We all have vocal ticks. Favorite words that pop up again and again and again, because they feel good in our mouths. They make us feel smart when they’re big, elegant sounding words. They make us feel safe when they’re fill-words, like “um,” or “like,” that give us time to think. They can even make us feel connected and intimate with someone when we mimic their words.
Someone once pointed out to me that I use the word “mediocre” quite often. It’s one of my favorites. I love the way it tastes, like a perfectly-cooked hamburger. It even sounds a little meaty!
But why would it come up so often? Good question.
I think it’s because that’s how I used to see the world. Worse yet, I think that’s how I used to see my own life.
I’ve written before about expectations, but I want to elaborate a little. I think the biggest danger of expectations is that they can handicap our ability to feel joy, pleasure, and comfort in things. They impede our ability to feel surprised or impressed by the quality of something, especially when our expectations are elevated to unrealistic levels. This can be true of a movie we were anticipating, or a meal, or a week at work, or even of a person we meet. When we expect a perfect experience, we are bound to experience naught but disappointment.
When I think of some of the most pleasant experiences I’ve had, I don’t remember having had elevated expectations leading into them. When I think about times when I’ve had high expectations, I can remember being disappointed. But when I really think about it, the only variable that was different between the sets of experiences was myself. The wonderful experiences probably weren’t really any appreciably different than the disappointing ones. I just didn’t have an attitude that was predisposed to being appreciative and joyful.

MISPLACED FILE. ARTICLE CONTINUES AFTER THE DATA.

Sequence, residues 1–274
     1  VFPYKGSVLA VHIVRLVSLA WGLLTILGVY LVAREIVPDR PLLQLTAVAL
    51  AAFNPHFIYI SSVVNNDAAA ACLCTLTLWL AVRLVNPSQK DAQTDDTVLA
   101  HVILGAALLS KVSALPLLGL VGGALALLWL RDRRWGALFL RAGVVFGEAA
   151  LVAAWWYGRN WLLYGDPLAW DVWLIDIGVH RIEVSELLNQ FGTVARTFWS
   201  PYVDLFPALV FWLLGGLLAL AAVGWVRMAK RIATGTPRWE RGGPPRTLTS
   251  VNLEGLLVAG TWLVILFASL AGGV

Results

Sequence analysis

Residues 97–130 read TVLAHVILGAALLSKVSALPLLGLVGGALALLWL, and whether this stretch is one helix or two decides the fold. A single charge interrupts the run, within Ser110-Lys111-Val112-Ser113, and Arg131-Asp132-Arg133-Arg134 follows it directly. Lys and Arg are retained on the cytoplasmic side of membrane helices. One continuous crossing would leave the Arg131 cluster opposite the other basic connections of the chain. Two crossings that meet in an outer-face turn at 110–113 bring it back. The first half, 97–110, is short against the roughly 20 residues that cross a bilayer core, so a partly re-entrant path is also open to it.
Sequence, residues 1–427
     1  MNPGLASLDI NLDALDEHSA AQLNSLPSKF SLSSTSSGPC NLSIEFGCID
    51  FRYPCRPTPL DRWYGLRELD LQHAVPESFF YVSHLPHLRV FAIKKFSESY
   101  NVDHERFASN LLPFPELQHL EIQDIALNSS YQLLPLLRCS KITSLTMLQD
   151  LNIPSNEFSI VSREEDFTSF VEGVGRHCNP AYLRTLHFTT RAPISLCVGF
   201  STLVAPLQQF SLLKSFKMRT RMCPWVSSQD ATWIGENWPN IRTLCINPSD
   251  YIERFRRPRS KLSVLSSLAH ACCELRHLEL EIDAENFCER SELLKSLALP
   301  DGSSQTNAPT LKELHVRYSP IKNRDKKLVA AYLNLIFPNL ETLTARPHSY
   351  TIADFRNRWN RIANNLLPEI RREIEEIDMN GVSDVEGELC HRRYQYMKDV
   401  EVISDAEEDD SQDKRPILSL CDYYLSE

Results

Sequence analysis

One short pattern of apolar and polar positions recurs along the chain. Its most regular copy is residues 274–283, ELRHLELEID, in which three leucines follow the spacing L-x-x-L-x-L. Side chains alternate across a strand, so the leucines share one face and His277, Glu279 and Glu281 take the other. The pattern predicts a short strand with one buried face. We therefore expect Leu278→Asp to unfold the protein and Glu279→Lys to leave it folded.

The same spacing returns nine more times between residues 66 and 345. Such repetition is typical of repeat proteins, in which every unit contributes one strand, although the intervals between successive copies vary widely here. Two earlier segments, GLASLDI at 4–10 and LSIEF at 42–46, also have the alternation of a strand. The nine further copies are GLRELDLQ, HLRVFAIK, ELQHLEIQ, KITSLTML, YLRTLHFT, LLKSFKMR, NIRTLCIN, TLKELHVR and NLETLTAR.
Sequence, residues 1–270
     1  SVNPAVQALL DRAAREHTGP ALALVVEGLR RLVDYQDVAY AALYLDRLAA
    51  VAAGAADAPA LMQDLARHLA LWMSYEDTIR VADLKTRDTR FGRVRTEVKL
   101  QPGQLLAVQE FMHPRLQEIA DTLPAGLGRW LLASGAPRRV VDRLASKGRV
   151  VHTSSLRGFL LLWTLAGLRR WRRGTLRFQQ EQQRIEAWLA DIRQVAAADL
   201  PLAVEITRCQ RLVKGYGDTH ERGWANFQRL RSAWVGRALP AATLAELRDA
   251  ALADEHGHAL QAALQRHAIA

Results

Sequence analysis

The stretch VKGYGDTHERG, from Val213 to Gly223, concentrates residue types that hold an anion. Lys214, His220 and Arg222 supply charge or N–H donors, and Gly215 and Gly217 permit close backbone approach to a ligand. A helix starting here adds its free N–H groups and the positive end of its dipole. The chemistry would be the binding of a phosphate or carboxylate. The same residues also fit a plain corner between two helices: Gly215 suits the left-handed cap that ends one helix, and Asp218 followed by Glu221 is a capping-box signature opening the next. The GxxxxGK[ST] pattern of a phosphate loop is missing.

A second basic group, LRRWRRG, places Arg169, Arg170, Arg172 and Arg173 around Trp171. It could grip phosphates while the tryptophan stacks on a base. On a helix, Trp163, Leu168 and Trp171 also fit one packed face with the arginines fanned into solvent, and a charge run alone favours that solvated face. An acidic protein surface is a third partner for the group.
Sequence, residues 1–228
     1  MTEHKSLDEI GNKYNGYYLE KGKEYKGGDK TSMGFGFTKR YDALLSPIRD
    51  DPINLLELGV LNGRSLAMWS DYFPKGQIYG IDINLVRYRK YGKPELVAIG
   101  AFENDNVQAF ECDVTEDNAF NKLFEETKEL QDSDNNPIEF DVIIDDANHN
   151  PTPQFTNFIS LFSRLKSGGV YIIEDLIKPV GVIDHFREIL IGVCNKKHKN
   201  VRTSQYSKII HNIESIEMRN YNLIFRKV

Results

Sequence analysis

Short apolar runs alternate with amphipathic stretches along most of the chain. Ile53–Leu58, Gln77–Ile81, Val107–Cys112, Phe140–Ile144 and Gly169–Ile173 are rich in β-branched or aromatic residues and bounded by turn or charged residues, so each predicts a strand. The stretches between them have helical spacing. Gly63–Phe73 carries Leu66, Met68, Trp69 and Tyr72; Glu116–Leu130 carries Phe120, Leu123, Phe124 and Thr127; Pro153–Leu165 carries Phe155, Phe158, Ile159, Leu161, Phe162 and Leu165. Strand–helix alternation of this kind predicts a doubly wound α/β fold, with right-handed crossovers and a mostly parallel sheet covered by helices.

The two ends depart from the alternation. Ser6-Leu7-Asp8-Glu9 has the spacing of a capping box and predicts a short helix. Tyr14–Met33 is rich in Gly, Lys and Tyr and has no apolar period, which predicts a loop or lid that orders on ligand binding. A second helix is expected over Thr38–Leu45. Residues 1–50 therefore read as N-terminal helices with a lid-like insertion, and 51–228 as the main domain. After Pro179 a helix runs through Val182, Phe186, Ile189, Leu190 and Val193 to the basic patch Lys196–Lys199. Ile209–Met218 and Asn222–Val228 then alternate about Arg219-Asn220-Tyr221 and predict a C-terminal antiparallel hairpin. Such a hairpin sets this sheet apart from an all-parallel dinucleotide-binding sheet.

I have been practically living in the Epistles of Paul these past couple of weeks, and I want to share three verses and explain how I think they relate to mediocrity and expectations:
“Therefore, if anyone is in Christ, he is a new creation. The old has passed away; behold, the new has come” (2 Corinthians 5:17). This verse is about being reborn as something new, and something free from our previous selves. Just because I lived under the shroud of heavy expectations doesn’t mean that I have to continue to be burdened by those things. I can be reborn as something great, and I can choose to see the world differently–as something that is designed to be appreciated.
“And whatever you do, in word or deed, do everything in the name of the Lord Jesus, giving thanks to God the Father through him” (Colossians 3:17). To me, this verse means that as a Christian, I am called to greatness, and not to mediocrity. Through God all things are possible–including greatness–and living with that in mind can give purpose, meaning, and joy to things I once would have seen as mediocre.
“It is for freedom that Christ has set us free. Stand firm, then, and do not let yourselves be burdened again by a yoke of slavery” (Galatians 5:1). This verse is about freedom from sin, but I also think it pertains to my own freedom from the burden of expectations. My own previous self was tethered to disappointment and sadness; I was shackled, and true joy was just out of reach. The freedom that Christ’s love has given me has set me free in the sense that through Him I know peace, hope and joy are within my reach, and that I can find those things with an attitude of thanksgiving and appreciation.